Like father, like son? Parental input, access to higher education, and social mobility in China

Xiang Gu, Sheng Hua, Tom McKenzie, Yanqiao Zheng (Lead / Corresponding author)

Research output: Contribution to journalArticlepeer-review

8 Citations (Scopus)
81 Downloads (Pure)


This paper studies the role of parental input in university access in the context of a 10-fold expansion of China's higher-education sector since 1999. Using a Logit regression, we find that an increase in a parent's education level significantly raises their child's probability of entering university. Moreover, the effects of parental involvement and children's trust towards their parents on university entrance are highly significant. The results are robust to Probit and Linear-Probability-Model specifications. Heterogeneity analysis reveals that for rural and/or worse-educated families, parental involvement significantly affects the child's access to university, while for urban and/or better-educated families, the child's own study attitude is key for progression to university. To address the confounder of genetic inheritance, we use regression discontinuity and two-stage least squares and find that the nine-year compulsory education policy launched in 1986 not only increased the education years of the first generation by about 1.66 years, but has also had a lasting effect by raising the second generation's probability of access to university by 11.77%.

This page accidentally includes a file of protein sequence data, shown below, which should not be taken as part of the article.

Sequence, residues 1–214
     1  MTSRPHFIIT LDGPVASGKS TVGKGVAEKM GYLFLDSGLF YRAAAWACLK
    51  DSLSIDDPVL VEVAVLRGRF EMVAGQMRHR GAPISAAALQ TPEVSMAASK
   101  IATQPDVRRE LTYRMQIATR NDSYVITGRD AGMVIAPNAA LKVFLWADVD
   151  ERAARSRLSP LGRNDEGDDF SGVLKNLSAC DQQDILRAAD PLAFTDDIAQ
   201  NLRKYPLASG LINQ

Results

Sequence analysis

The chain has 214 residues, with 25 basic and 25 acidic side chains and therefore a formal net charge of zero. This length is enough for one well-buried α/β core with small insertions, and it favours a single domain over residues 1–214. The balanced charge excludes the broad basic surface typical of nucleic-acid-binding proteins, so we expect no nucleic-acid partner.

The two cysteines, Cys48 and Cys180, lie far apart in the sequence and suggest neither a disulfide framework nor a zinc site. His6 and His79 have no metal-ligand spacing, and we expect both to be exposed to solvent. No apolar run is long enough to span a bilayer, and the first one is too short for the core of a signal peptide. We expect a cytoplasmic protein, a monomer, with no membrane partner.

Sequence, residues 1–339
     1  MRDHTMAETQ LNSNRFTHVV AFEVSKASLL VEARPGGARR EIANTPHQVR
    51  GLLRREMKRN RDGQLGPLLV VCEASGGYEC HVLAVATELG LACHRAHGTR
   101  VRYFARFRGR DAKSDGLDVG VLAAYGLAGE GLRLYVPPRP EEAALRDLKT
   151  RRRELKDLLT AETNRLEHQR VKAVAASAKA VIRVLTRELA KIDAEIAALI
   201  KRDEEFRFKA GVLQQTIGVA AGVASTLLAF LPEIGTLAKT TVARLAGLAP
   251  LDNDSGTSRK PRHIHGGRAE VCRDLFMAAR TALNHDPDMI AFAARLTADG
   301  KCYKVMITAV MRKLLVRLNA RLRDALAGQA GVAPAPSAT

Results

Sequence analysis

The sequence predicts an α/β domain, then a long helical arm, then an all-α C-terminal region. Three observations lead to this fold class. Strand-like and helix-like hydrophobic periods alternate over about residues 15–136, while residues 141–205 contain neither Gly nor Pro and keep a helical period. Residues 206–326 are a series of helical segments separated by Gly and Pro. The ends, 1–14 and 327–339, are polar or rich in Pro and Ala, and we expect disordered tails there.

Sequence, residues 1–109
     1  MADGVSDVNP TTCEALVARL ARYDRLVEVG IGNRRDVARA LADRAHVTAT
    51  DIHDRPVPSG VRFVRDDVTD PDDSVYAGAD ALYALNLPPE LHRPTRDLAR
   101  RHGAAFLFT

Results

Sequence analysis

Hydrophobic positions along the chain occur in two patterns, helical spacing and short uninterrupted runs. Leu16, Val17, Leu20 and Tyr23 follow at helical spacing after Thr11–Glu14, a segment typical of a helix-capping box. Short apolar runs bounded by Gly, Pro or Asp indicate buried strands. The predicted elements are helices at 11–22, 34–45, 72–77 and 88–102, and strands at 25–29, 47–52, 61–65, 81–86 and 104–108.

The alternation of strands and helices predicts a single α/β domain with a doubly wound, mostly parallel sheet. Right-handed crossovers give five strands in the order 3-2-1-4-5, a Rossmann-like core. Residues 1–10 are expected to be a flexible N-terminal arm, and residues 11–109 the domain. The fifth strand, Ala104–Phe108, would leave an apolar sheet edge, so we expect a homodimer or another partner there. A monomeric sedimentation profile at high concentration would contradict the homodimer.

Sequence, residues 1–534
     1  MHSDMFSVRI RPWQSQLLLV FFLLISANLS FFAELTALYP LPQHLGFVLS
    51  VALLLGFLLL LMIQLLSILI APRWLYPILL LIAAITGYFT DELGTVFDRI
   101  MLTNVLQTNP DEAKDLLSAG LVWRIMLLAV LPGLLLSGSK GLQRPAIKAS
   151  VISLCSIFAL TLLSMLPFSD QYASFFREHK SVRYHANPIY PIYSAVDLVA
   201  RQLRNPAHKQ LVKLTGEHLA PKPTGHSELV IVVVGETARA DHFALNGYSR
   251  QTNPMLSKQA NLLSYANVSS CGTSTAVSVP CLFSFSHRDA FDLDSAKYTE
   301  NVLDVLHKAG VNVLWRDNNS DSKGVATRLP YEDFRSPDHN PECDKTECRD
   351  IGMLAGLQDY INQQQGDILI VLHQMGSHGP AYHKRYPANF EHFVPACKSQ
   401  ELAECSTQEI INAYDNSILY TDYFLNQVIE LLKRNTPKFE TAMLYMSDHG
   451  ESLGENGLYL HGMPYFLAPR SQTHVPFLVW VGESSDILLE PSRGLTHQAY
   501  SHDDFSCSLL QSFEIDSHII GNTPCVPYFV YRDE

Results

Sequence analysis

Original languageEnglish
Article number101761
Pages (from-to)1-17
Number of pages17
JournalChina Economic Review
Early online date4 Feb 2022
Publication statusPublished - Apr 2022


  • Access to higher education
  • China
  • Parental input
  • Social mobility

ASJC Scopus subject areas

  • Finance
  • Economics and Econometrics


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